COWBOY or TRUE HORSEMAN by Craig Cameron
As a young man I had a strong desire to be a cowboy. I think many young men do. In the beginning, they want to dress, walk, talk and act like a cowboy. Most young cowboys want to prove themselves and show the rest of the world just how tough, rugged and cowboy they are. However, nothing makes a cowboy a cowboy more than the horse.
Riding with a good horseman can teach you and your horse so much.
Unfortunately for the horse, he must deal with the cowboy who is out to prove himself. In the proving period, I think many horses are sacrificed because a cowboy or rider at this stage is thinking mostly, or only, about himself. This is an egotistical rider. It’s all about him and not about the horse. The person comes first and the horse comes second The horse is a vehicle the person uses to achieve his goals; the horse is not a living, breathing, feeling animal that shares the world with the rider. No, to this egotistical cowboy the horse is just a “thing,” like his truck, saddle, boots, spurs or any inanimate object he owns that shows he is a real cowboy.
A rider of this caliber can never be true horseman because he puts himself first instead of the horse. This type of rider is not a student because he always knows what to do. His hands are fast and unforgiving. He gets a bigger bit when the horse does not perform as he wants. He ties down a horse’s head to achieve position because this is the quick fix and the way everyone else does it. The rider jabs his spurs into his horse’s sides and never ever thinks about the important component called feel.
On the other hand, there is the man or woman who takes a different trail. That person’s way is a slower, more methodical path that takes time, and it is not about the human as much as it is about the horse. That person is willing to learn, to put his ego aside and develop respect for the horse, himself, and the art of horsemanship. This is the rider who is willing to listen, work and develop the essential component of experience. He has empathy and sympathy and feel for the horse.
This person knows that developing horsemanship skills is time-consuming, but when finally done right, is truly an art form. This person works on himself more than he works on his horse. The person knows the horse is actually a reflection of his rider—good or bad But this rider knows the trail of horsemanship has good and bad days, and that both are part of the process. This person eventually becomes what many would call a horseman, even though he calls himself a student.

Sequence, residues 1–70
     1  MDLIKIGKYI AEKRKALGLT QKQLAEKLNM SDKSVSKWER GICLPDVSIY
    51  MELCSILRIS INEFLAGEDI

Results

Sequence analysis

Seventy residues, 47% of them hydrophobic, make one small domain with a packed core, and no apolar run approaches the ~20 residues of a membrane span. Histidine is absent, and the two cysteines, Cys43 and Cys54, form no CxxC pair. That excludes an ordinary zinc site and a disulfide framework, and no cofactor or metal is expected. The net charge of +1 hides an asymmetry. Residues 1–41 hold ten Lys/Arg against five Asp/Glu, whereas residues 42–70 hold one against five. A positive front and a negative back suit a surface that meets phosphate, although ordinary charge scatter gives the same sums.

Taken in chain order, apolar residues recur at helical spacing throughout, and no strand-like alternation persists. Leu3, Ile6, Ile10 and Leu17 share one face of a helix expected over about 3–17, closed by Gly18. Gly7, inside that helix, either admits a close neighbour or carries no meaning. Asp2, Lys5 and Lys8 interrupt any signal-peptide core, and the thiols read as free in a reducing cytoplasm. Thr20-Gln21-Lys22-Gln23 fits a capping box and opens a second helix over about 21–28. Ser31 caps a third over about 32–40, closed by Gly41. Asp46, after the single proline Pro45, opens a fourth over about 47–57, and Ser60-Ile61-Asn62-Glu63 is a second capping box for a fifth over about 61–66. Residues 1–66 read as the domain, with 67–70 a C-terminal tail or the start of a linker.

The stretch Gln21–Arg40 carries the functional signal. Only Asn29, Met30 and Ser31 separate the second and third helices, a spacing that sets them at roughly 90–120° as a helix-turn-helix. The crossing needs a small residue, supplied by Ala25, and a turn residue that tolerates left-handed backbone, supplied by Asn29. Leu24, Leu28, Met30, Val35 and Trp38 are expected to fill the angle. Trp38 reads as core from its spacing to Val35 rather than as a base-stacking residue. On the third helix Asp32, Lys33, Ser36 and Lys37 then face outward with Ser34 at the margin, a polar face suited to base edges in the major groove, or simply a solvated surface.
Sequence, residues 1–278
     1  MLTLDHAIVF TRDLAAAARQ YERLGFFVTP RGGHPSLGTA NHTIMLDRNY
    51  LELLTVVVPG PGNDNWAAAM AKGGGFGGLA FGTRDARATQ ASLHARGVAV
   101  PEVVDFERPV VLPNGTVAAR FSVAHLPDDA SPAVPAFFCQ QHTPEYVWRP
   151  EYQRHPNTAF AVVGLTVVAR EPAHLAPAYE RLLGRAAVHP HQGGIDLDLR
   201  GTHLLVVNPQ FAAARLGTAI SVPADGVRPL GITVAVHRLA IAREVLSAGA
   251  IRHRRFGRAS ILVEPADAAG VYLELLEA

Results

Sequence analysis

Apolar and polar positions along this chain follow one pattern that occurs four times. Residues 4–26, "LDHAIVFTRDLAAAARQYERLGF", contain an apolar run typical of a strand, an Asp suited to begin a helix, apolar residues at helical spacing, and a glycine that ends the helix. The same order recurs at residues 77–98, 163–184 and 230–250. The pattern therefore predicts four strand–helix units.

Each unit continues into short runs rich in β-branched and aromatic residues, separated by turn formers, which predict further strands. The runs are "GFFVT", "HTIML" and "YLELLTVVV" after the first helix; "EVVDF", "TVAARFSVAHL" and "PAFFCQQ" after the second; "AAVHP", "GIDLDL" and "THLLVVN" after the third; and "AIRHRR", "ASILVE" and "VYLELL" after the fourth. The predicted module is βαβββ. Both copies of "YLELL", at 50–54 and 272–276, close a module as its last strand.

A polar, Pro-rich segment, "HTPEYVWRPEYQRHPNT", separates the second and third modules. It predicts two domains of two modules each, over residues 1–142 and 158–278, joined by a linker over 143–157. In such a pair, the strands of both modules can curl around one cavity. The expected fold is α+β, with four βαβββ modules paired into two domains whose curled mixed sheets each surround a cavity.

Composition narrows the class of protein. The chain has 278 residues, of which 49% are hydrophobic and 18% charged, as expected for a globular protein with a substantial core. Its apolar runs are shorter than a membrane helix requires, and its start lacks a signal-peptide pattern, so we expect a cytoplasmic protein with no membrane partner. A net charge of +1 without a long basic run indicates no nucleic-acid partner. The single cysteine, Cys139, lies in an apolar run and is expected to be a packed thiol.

He knows no man stands taller than when he is on the back of a horse. The horse is not a thing; the horse becomes his partner and friend. This person doesn’t do his work for fame, admiration or ego. He does it for the love of the horse.
Learn From a
The slowest way to learn horsemanship is to try to teach yourself. You’re going to make every mistake, and not even know when you’re making them! The fastest way to learn is to find somebody knowledgeable and experienced. Ask questions, because that’s how you’re going to learn. Horsemanship is the same as learning anything else. You must be willing to be a student. Be willing to admit when you don’t know something. That’s showing a true love of the horse and horsemanship.
To find a great horseman, you have to ask around. You don’t want to find a pretender; you want to find a contender. You don’t want a fly-by-night guy, or someone who is abusive. You want a true horseman. He can help you because he’s in it for the horse. Tell him you want to learn, and be humble.
Make notes as you learn because you’re not going to remember everything. Write down things, and then go back and read your notes. Have your own horse journal where you can draw pictures or diagrams, make notes, even add quotations—whatever it takes for you to learn and improve.
Practice your horsemanship, work at it, apply it, but go slowly enough for you and your horse to learn. If you’re an impatient person, you’re not going to do well with horses.
Horsemanship doesn’t come overnight. Allow yourself the time to learn, first from the ground, then in the saddle. Make sure you can do maneuvers at a walk before you do them at a trot, and make sure you can do them at a trot before you attempt them at a canter. Allow yourself to get better physically, emotionally and mentally—mind, body and spirit.
A Native Texan Craig Cameron, one of the original clinicians, is on the road more than 44 weeks a year covering 80,000 miles demonstrating the style of horsemanship he has perfected in the last 23 years. Called the “public defender of the horse,” Craig dedicates himself to those who educate their horses by first educating themselves. At an age where most have long since retired the thought of starting colts, Craig Cameron known as “The Cowboy’s Clinician,” starts hundreds of horses each year. Learn more about Craig Cameron at www.CraigCameron.com
This article was printed in Performance Horse Digest, Volume 9, Issue 2
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